Tom Shafer

Fit replacement windows to your remodeling plans

July 19, 2011

Remodeling a home and replacing or adding windows is not just a matter of finding a contractor, pricing windows and buying them. Care must be taken to also retain the architectural integrity of the home, while maintaining or improving its appearance. Windows must also be practical--energy-efficient and easy to use.

Recently, I helped a friend of mine and his wife design a remodel of their house. They decided to open some space in a wall that adjoins their 5-foot-wide porch to make room for a large window, allowing more light into the room.

The rest of the house had double-hung windows, in keeping with the Victorian architecture. They planned to replace their wood-frame windows with double-hung vinyl windows; but they really wanted a bay window with a seat board and cushions to look onto the porch.

Bay window

credit McGraw Hill Construction

Sadly, they realized a bay window with 3 1/2-foot projections would leave only 1 1/2 feet of space on the porch. Like it or not, a bay window was not going to work.

Finding a window design solution

If the bay window wasn't right, their next choice was a series of joined, casement windows. Unlike bay windows, casements were possible and could provide plenty of light. Unfortunately, casement windows do not fit with Victorian architecture. The interior decor and millwork around the windows was already designed around double-hung windows. Casement windows would have to be trimmed differently, and drapes would not cover half of the window, because casements have much larger openings compared to double-hung windows. In the end, my friends decided casement windows would require too many interior design changes to be worth the effort.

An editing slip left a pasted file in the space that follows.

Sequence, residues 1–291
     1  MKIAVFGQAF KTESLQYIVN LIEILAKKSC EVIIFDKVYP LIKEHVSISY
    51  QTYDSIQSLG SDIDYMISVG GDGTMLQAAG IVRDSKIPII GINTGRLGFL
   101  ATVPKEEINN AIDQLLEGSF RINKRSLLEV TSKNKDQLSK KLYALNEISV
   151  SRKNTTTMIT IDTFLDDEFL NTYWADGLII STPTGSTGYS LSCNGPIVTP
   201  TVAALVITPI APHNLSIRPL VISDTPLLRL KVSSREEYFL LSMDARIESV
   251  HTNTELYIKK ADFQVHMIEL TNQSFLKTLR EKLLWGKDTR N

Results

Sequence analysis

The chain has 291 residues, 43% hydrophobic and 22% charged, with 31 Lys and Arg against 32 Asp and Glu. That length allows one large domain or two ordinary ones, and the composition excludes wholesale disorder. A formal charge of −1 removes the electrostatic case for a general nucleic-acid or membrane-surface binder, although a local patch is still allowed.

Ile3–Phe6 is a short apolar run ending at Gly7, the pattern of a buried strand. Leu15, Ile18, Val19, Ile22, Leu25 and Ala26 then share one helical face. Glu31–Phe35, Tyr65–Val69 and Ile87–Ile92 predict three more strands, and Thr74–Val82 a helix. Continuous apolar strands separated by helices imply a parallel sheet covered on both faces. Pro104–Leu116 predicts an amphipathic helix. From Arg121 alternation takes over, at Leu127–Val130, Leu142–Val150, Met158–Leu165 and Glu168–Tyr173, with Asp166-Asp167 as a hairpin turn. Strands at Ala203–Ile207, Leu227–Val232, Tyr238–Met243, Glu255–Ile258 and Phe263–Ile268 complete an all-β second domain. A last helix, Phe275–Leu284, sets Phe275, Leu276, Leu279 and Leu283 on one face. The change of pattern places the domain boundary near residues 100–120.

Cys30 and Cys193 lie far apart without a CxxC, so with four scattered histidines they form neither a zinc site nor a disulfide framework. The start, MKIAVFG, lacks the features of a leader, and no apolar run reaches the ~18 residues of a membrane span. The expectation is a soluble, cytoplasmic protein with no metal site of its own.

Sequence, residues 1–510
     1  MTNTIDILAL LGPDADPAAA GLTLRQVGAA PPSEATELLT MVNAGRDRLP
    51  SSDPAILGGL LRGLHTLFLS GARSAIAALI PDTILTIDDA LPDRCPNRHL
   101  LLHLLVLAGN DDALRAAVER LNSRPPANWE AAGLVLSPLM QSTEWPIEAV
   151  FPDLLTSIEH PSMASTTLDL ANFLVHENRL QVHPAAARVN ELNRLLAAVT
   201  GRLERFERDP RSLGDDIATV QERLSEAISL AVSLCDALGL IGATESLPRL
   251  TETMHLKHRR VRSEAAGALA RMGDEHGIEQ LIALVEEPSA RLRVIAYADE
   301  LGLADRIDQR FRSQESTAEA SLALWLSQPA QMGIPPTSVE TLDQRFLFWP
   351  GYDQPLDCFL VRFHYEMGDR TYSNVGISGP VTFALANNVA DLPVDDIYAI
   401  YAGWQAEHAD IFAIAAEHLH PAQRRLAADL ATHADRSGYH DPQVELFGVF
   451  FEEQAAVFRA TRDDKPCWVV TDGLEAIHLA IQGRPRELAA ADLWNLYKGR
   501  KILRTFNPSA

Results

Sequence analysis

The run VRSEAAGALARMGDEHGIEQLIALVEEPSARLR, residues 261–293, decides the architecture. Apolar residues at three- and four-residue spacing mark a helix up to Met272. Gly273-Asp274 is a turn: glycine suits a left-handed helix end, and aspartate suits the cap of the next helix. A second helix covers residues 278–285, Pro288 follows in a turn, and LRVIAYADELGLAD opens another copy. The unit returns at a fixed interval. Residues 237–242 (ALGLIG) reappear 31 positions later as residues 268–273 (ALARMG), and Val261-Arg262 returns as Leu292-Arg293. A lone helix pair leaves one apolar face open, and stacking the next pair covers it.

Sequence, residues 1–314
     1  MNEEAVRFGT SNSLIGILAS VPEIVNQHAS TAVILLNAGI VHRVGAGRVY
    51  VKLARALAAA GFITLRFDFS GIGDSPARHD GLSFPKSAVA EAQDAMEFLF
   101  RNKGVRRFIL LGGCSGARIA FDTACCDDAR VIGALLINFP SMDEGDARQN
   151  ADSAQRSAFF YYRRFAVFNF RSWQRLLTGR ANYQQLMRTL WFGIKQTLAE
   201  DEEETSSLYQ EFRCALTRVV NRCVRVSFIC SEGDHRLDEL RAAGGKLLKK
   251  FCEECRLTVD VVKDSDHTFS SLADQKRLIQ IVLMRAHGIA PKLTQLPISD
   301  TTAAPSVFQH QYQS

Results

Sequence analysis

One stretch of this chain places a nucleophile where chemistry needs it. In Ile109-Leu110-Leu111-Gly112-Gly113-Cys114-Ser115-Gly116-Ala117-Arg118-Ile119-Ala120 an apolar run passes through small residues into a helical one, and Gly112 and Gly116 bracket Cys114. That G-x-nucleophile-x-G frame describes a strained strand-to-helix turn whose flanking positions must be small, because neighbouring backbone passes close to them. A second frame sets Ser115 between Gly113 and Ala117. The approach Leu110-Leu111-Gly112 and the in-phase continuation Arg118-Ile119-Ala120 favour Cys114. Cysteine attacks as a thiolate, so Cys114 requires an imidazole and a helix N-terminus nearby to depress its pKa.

Finally, my friends decided to consider double-hung windows to maintain the home's design integrity. The problem was that, if they used a series of five windows to achieve the same width as the casements, they would have to use 13-inch windows, which would be too narrow to look aesthetically pleasing. However, three double hung windows in a row, mulled together, would be 21-inches wide. This series of windows would fit the existing architecture of the home, and still admit the same amount of light, as the casements. The couple went with three double-hung windows.

three double hung windows

credit Midwest Construction Photo Gallery

The series of new windows added the desired light. My friends fortunately were able to create space in other rooms for several pieces of furniture that were displaced by the new windows.

Moral of the story: when adding or replacing new windows, take design into consideration before committing to purchase and installation.

About the Author

Tom Shafer has decades of experience in window sales, marketing and product development. He's worked closely with window design engineers in testing, design, and building code interpretation. Past employers include United Windows and Doors and Norandex, MI Windows. He currently works at a home improvement retailer.

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